Solid waste authority members support partnership
Members of the Kanawha County Solid Waste Authority support entering into a public-private partnership with a Chicago-based company that could jump-start recycling in the area.
Members of the board are looking at cutting a deal with West Virginia Recycling Services, allowing the company to run the facility. The company is a subsidiary of Chicago-based Draw Enterprises.
The Solid Waste Authority would then focus its efforts on educational programs to increase recycling in the county if the deal is inked.
A partner with West Virginia Recycling Services, George Hunyadi, believes he can turn a profit by taking recyclables from cities and communities throughout the county. Hunyadi has offered to renovate and reopen the Slack Street recycling center.
"I still have some questions about a few things, but I'm going to support this," board chairwoman Kay Summers said. "I think this is in the best interest of the county and the citizens who are interested in recycling."
The beleaguered Solid Waste Authority has been looking for a solution to the recycling crisis in the county for months. The board members opted to close the recycling center last March because of structural issues and the discovery of combustible dust in the building.
Since then, the tonnage of recycling has dropped off and the agency has been hemorrhaging money from a lack of sales.
Board member and Charleston councilwoman Kasey Russell believes the deal with West Virginia Recycling Services could get recycling in the county back on track.
"I support this because I think it's an incredible opportunity and solution for recycling in the region," said Russell, a member of the Mountain Party.
The board members are looking at offering a lease to the company that would include a fee in lieu of rent payments. The fee would be tied to the company's sales of recyclables, said Rod Watkins, board member.
Russell pointed out that the Solid Waste Authority has been looking for a way to renovate the existing recycling center or build a new facility since long before the 104-year-old Slack Street location was closed in March.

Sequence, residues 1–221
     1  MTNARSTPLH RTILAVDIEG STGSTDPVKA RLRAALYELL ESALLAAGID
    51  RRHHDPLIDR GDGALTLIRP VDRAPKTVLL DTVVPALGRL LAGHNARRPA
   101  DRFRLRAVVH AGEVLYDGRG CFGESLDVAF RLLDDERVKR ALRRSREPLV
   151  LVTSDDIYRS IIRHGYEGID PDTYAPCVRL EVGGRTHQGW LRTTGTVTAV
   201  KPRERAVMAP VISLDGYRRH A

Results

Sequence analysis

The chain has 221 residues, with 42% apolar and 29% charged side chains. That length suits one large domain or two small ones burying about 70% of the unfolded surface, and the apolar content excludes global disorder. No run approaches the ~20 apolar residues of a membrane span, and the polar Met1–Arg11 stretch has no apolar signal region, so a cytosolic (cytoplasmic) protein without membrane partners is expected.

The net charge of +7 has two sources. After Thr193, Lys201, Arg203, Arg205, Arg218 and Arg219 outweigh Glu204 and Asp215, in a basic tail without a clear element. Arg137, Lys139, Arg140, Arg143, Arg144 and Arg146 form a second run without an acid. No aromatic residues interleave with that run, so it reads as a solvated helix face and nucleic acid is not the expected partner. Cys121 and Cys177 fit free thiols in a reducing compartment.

"This is a knight in shining armor knocking on our door," she said.
However, Russell said the lease, which has not yet been fully drafted, will include protections for the Solid Waste Authority.
For example, the lease will include a provision that requires the company to use the Slack Street facility as a recycling center or it will revert back to the Solid Waste Authority, Russell said.
"If something doesn't work out, they (West Virginia Recycling Services) can't use the building for something like storage," she said. "If they're not recycling they're out of there."
The lease would also require the company to take specific items at the recycling center, such as glass, Russell said.
West Virginia Recycling Services' offer is the best option presented to the board since Watkins has been a member, he said. Watkins joined the Solid Waste Authority about a year and a half ago.
"This deal seems to address all of the issues," he said. "I support this 100 percent."
The parent company, Draw Enterprises, owns other recycling agencies throughout the country. One of their companies handles recycling for the City of Pittsburgh.
A background check on the company has been favorable, Watkins said.
"From what I can tell the company has a pretty good reputation," he said.
Hunyadi believes the building can be opened after an initial investment of $250,000 to $300,000, he said. This type of investment would likely get the building's doors open and the recycling center operational once again, Watkins said.
However, the company would also likely continue to invest money in the structure once it is up and running, he said.
"I think they would make renovations to the building as time goes by," Watkins said. "And that's fine with me."
Board member Richard Milam also supports the deal with West Virginia Recycling Services.
"I think this could be the answer to our problems," he said.
Board member Greg Sayre could not be reached for comment. Sayre recused himself from the discussion on the lease deal during the last meeting because he is a registered lobbyist who represents for-profit recyclers.
Kanawha County Commissioner Dave Hardy has organized a task force along with Charleston Area Alliance president Matt Ballard. Hardy and the members of the task force have also been looking for solutions to the recycling problem in the county.
The task force is looking at options that include a public/private partnership.
"I think any solution to this has to be a public/private partnership for it to work," Hardy said.
Hardy did not wish to comment on the proposed deal between West Virginia Recycling Services and the Solid Waste Authority because he has not been involved in the discussion.
However, Hardy said the task force would work closely with the Solid Waste Authority to find a solution to the problem.
The authority cancelled a Friday meeting to discuss a memorandum of understanding between the company and the agency. A new date for the meeting has not yet been set.